Doing the Right Thing With Dr. Laura Schlessinger

If you are hoping for an easy way out of your problems, don’t call Dr. Laura Schlessinger for advice. She’s got a 32-year talk radio history of telling listeners to “go do the right thing” — no matter how difficult that thing is. That might be why she is a great friend of the military. 

With her national platform and popularity, Dr. Laura has raised over $530,000 for Operation Family Fund, a non-profit organization providing financial support for the families of those soldiers injured or killed in the War on Terror.

In a phone interview, Dr. Laura told me she chose OFF because they had “zero overhead.” After discovering it a little over three years ago, she was impressed by the efforts of the one-man (founder Mike Cash) organization and decided to adopt it for her own. 

“I’m happy to say I was able to put them on the map,” she said, adding they have grown significantly.

Over the phone, Mike Cash told me he started OFF in 2003 after wanting to donate $100 to a military family and finding no charity through which he could. A former Department of Defense employee, Cash was encouraged to start up his own charity so he “pulled out a few more thousand dollars and started and built a web page.”

OFF is run by volunteers alone — each of them the parent of a military member — and according to Cash, all “tremendously passionate” about their work.

With a variety of pro-military organizations to choose from, Dr. Laura found OFF’s humble approach to fundraising a refreshing contrast to many organizations that are run more like businesses with high overhead costs. Since then, Cash said Dr. Laura has helped to raise about 60% of total donations through her jewelry sales and fundraisers.

“She’s wonderful…and has tremendous passion for our military and for members severely wounded and their families,” said Cash. “[She] desperately wants to help them.”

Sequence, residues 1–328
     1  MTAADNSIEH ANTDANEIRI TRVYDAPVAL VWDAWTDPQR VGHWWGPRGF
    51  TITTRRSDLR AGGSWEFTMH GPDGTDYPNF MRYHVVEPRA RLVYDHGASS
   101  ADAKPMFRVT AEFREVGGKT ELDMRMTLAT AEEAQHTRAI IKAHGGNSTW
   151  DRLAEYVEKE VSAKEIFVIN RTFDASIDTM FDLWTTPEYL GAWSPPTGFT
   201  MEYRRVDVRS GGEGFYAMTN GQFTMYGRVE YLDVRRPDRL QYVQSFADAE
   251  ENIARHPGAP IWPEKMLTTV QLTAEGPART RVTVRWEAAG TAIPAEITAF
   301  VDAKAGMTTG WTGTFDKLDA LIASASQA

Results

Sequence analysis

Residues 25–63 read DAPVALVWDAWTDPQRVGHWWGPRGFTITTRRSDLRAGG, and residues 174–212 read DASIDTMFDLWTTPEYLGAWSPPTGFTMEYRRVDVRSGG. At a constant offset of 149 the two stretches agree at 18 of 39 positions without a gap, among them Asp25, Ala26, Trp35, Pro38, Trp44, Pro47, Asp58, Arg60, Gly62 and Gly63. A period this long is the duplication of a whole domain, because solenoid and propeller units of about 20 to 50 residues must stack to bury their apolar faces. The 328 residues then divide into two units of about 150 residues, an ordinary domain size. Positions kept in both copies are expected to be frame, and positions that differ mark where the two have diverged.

At her 60th birthday bash in Disneyland earlier this year, Cash announced that Dr. Laura would receive the Office of the Secretary of Defense Exceptional Public Service Award for her work with his organization — which she officially received in Washington DC three weeks ago. 

The award carries extra significance for Dr. Laura because her son, Deryk, is a deployed American soldier.  “A little pat on the head is always nice but…to get an award from my government for service to my country — it made me feel even closer to my boy and his buddies,” she said.

Dr. Laura speaks frequently with callers struggling with family deployments. Personal experience makes her advice to callers more compelling. She encourages those left at home to be strong and stay busy while their spouse, child or parent defends freedom abroad.

“I put it out of my head and…keep busy…I have to,” Dr. Laura said of managing her son’s absence. “I have to help too many people with so much going on in their personal and family lives and I just put it out of my head, basically.”

Staying informed about what’s going on overseas is another matter. Dr. Laura is skeptical of the media, saying the media is “mostly dumping for the Democrats.”

“I’m not one of those people that sits in an armchair and acts like they know what is going on over there,” she said, adding that her variety of daily reads includes everything from the New York Times to the Wall Street Journal. “I read a big cross section because that’s the only way I can get my finger on the pulse of what’s going on.”

Typically known as the conservative outlet, even Fox News stirs her skepticism.

“News outlets are supposed to report facts…so why should you follow it up with ‘you decide’?” she asked of the Fox News motto. “It’s either a fact or it’s not a fact. If it’s a fact, there’s nothing to decide. I have to absorb that fact.”

A politically-run war is part of the problem, Dr Laura said, maintaining that political correctness too often trumps strategy so that the military cannot do what it is supposed to do effectively.

Interjecting political correctness means you “don’t want to hurt people’s feelings, upset anybody, [have] collateral damage, this sort of thing,” she said. “So there are complexities because of politics.”

Dr. Laura has built her talk radio empire by urging people to “take on the day” despite individual emotional tugs to just do what feels good. She hits hard the issues of in tact families, stay at home parents and healthy relationships.

Recently a caller expressed her desire to be “optimistic” about her problem, but Dr. Laura instead suggested “realistic,” saying optimism and pessimism mean little. She doesn’t hesitate to call evil by its name and advocates the hard road if it is the right one.

“In this society people are brought up to think that whatever you feel like doing becomes the right thing and that’s really kinda stupid,” she said. “Find a way emotionally to face what’s right and ultimately you will feel better about yourself in life.”